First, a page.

On the monthly bird transect from Escobar Gate, I find I am still quite distractible. Yes, I do see many birds, some pointed out by the birders, some noticed on my own. But I don't just check off the species and whether it was only seen, only heard, or both seen and heard. I stop and observe the behavior -- whether it is a common or rare species, its behavior is interesting.
And along the way, I cannot fail to notice baby fawns, acorns, oak trees -- and flowers! Insects on the flowers!!
So here are several collections for you:
Birds and So Much More: an overview of the morning. Deer with fawns. Bunnies browsing at dawn. Classic oaks. And a few birds, flowers, and insects, to show the context and pique your interest for the next collections:
Kiting and other Bird Behavior: Interesting bird behavior, in chronological order. Several sequences: A kite, kiting! A small kestrel, attacking a large red-tailed hawk in the air, making pass after swooping pass. A quail sitting on a high branch, watching over the covey browsing below -- then the change of the guard, as a new guard-quail takes the place of the first. A scrub jay, sitting in some poison oak then flying away.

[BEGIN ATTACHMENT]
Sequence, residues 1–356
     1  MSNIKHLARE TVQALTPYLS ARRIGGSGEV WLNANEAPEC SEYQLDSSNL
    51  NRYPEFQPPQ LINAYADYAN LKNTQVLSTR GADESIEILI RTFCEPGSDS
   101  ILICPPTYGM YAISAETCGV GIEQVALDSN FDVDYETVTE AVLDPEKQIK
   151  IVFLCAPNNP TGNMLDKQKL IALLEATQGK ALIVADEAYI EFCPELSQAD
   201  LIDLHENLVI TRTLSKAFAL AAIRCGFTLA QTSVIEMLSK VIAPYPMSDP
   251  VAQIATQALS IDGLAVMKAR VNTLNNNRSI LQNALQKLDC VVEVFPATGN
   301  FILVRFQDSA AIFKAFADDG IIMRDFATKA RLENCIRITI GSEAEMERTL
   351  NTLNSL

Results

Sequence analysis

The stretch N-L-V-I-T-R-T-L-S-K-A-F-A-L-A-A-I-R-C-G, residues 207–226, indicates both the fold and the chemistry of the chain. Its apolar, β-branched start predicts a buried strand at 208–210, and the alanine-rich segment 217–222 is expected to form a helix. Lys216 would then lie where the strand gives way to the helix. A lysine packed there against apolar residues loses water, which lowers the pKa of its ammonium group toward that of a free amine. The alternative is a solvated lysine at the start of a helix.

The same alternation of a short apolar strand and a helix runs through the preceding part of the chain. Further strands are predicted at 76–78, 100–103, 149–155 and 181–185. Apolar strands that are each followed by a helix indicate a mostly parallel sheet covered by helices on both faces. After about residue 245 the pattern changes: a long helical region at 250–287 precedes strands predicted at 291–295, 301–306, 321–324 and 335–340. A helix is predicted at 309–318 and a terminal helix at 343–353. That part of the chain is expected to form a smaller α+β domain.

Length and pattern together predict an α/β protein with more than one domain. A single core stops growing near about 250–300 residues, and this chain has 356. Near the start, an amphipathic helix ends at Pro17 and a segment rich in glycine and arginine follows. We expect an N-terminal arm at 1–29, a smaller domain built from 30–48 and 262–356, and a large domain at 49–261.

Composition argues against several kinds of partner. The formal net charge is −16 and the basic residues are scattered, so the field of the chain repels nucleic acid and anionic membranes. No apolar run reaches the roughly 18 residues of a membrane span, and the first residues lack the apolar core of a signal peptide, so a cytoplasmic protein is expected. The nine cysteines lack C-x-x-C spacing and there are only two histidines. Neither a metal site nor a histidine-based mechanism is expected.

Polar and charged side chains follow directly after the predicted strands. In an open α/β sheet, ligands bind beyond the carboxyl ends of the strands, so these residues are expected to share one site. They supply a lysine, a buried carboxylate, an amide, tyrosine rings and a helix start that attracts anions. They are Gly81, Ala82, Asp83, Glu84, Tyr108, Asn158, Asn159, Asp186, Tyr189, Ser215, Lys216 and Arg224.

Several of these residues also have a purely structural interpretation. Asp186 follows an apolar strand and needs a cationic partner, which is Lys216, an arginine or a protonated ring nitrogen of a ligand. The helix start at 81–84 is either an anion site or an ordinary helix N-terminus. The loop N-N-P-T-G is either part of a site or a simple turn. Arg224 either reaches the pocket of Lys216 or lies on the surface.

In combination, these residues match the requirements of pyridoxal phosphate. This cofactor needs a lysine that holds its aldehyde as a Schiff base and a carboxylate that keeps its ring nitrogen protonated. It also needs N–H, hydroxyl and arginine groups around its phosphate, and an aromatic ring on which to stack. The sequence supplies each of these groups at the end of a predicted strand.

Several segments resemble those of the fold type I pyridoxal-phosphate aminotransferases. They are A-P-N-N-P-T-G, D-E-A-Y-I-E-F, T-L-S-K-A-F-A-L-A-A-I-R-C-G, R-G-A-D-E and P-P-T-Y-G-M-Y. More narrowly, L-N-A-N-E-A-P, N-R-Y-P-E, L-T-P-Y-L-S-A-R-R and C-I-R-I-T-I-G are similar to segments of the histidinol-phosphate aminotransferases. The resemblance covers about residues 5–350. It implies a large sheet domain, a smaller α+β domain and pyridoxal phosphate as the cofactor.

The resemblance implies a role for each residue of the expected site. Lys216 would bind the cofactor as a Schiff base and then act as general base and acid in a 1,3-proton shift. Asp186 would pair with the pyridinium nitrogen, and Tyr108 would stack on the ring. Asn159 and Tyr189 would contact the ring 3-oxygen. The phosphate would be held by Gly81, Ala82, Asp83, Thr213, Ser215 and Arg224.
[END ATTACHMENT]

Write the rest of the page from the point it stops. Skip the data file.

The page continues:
Flowers and their Insects: Springtime flowers abound, and if you look closely, you will often see an insect there. That's the whole point of a flower, after all. It is late spring now, and many flowers are bright yellow or white, with a sprinkling of purple. New oak leaves show bright reddish purple, vying with the flowers for vividity. The leather oak, growing in the serpentine, is particularly interesting, sporting last year's acorn cups, this year's new yellow blossoms, and a carpenter ant exploring the new velvety leaves, browsing at the base of the leaves. What is she looking for? The showy yellow flowers of the non-native weedy hawksbeard attract a variety of visitors, including an iridescent green carpenter bee.
More Insects & Flowers: Sorry, I could not resist. I like these photos too, but you may feel they are an overdose. Mostly more photos of bees, flies, and the moth on yellow flowers, and a few other items of interest.